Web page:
Write YOUR story.

A "young" Baobab Tree...this specific one is said to be about 300 years old.
Before the students sat the test that I had prepared for them,
we went out on one last morning game drive.
I would be leaving for home after the test
and the students were going on a well earned week long break.

Photo-bombing...
 something that Zebra do REALLY well.
This young foal still had part of the umbilical cord attached,
and we figured that it was less than a week old.
What a wonderful sighting to end the drive.

A final sunset...
What a spectacular ending to my visit to the College.

This is  Lead Trainer, Phillip Wessels.
I learned so much during the game drive and the bush walk
 that I shared with him and his students.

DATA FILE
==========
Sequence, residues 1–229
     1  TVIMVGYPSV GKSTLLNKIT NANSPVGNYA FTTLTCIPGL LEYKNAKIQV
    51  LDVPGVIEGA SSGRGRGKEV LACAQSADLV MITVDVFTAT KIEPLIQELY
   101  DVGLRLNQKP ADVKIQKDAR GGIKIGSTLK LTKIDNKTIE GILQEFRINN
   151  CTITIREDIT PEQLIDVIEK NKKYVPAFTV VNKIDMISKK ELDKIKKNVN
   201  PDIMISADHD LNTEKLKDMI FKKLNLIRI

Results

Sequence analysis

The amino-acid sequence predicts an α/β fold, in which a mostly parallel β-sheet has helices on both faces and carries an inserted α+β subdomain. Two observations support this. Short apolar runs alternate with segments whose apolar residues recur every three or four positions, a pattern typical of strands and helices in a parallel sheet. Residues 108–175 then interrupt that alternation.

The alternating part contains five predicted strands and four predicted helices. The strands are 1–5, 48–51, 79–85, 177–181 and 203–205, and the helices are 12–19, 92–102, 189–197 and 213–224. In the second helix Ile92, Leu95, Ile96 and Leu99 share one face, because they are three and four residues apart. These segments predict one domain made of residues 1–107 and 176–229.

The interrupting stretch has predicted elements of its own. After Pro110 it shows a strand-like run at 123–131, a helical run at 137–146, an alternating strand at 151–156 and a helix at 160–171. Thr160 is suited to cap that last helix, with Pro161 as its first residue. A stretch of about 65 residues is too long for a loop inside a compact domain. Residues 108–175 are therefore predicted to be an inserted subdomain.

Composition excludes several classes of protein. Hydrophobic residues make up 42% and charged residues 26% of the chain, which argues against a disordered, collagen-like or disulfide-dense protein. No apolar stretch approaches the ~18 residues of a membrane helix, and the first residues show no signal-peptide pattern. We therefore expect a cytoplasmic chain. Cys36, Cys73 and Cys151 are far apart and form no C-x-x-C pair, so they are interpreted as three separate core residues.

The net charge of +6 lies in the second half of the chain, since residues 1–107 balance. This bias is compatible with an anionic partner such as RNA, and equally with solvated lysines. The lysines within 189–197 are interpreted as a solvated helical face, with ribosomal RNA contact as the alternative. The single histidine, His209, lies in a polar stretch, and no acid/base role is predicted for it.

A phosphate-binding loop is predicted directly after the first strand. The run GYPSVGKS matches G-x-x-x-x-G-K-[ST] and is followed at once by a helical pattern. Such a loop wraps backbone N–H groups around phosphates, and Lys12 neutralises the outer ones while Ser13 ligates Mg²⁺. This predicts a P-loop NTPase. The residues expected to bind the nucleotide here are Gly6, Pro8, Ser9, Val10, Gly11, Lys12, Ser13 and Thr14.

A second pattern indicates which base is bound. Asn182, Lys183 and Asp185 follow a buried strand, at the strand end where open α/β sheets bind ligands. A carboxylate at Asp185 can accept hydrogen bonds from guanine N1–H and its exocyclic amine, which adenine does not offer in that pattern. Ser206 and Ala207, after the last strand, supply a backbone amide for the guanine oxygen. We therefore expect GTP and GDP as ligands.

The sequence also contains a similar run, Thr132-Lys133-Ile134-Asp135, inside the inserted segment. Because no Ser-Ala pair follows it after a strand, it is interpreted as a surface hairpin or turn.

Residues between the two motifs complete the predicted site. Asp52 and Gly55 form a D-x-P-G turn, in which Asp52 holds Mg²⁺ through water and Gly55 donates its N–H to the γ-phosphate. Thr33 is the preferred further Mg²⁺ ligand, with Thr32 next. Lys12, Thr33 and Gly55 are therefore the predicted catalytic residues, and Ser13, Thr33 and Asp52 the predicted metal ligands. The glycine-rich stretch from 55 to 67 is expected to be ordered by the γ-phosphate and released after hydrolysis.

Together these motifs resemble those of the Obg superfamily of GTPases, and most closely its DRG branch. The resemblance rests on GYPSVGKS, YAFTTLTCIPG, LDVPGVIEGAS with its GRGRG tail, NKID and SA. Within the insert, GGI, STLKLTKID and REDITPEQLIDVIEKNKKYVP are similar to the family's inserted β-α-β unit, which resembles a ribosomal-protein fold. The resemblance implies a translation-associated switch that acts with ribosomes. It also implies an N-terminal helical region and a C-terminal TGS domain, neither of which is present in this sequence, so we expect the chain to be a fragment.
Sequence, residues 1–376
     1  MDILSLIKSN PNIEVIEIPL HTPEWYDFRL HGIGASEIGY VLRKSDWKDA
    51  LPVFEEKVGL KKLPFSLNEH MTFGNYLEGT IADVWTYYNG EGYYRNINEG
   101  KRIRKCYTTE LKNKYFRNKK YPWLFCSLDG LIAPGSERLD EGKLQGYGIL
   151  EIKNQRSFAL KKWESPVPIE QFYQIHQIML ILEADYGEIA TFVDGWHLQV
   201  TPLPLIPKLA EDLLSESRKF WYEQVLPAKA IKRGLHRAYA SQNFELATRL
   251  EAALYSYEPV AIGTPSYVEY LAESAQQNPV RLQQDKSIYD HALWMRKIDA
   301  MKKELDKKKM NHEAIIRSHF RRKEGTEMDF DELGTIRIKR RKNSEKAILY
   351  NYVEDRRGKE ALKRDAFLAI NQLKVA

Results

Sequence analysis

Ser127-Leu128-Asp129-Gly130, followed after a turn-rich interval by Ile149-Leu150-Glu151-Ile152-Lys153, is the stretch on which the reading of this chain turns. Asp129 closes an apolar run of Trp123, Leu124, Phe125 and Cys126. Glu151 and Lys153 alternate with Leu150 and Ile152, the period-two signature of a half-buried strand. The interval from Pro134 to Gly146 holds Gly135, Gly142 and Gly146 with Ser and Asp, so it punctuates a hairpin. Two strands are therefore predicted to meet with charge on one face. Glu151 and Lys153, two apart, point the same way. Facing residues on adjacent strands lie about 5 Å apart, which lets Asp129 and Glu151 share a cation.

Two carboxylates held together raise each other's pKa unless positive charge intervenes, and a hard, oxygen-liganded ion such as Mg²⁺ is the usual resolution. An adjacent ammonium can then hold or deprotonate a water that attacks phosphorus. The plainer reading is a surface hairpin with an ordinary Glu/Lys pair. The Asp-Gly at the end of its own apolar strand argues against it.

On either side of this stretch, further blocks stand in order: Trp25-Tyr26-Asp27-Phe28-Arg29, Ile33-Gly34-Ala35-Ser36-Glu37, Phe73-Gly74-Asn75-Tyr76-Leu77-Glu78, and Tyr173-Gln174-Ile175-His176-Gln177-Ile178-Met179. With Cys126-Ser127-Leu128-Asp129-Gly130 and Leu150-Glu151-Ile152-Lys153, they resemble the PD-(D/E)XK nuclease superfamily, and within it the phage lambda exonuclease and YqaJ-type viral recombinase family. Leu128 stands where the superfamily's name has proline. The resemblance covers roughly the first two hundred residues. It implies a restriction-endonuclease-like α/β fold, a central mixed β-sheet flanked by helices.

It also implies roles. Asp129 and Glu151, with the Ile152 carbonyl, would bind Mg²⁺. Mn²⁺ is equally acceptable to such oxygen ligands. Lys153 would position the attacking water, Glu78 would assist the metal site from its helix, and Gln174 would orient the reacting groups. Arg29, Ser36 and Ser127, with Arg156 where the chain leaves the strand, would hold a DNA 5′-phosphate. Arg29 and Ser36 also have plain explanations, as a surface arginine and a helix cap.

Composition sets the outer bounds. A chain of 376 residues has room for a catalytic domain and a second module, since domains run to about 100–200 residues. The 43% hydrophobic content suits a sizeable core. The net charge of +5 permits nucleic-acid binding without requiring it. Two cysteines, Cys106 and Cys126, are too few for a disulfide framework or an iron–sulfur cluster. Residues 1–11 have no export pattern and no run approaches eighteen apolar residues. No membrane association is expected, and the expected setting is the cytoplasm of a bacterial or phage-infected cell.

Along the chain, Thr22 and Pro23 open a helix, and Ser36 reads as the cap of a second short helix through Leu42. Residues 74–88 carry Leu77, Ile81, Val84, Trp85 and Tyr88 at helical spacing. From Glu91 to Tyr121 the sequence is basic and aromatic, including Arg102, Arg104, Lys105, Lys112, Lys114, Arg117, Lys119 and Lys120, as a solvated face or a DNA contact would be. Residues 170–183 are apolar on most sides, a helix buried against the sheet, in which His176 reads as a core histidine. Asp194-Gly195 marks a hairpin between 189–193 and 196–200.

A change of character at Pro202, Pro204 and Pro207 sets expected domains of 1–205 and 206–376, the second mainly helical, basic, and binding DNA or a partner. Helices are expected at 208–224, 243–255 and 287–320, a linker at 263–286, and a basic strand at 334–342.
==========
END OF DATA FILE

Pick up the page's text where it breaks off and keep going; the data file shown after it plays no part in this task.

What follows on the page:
The man is a legend and one of my regrets
 is that I am now too old for him to be my instructor.
His knowledge of all the inhabitants of the bush is superb
 and his method of instruction
makes one want to give of your best.
What was the story behind this image?
It was one of the pictures that was utilised in the test
and the student responses were informative,interesting and entertaining.

If you think that this is the calling for you,
then contact the college via their website:

 
Photo:

Photo:
www.fotofirst.co.za



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My new addition, this awesome laptop bag from Solo.
Padded for protection and with enough pockets to keep
almost everything INCLUDING the kitchen sink in,
this is definitely an stylish addition to any business presentation.
Be it in the boardroom or the bush.
This bag can also be worn as a backpack. 
There are straps in a hidden compartment that can be deployed
when you need both hands for other purposes.  


A new "tool" in my camera bag.
Order directly from www.petersguide.co.za.





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and may not be used without permission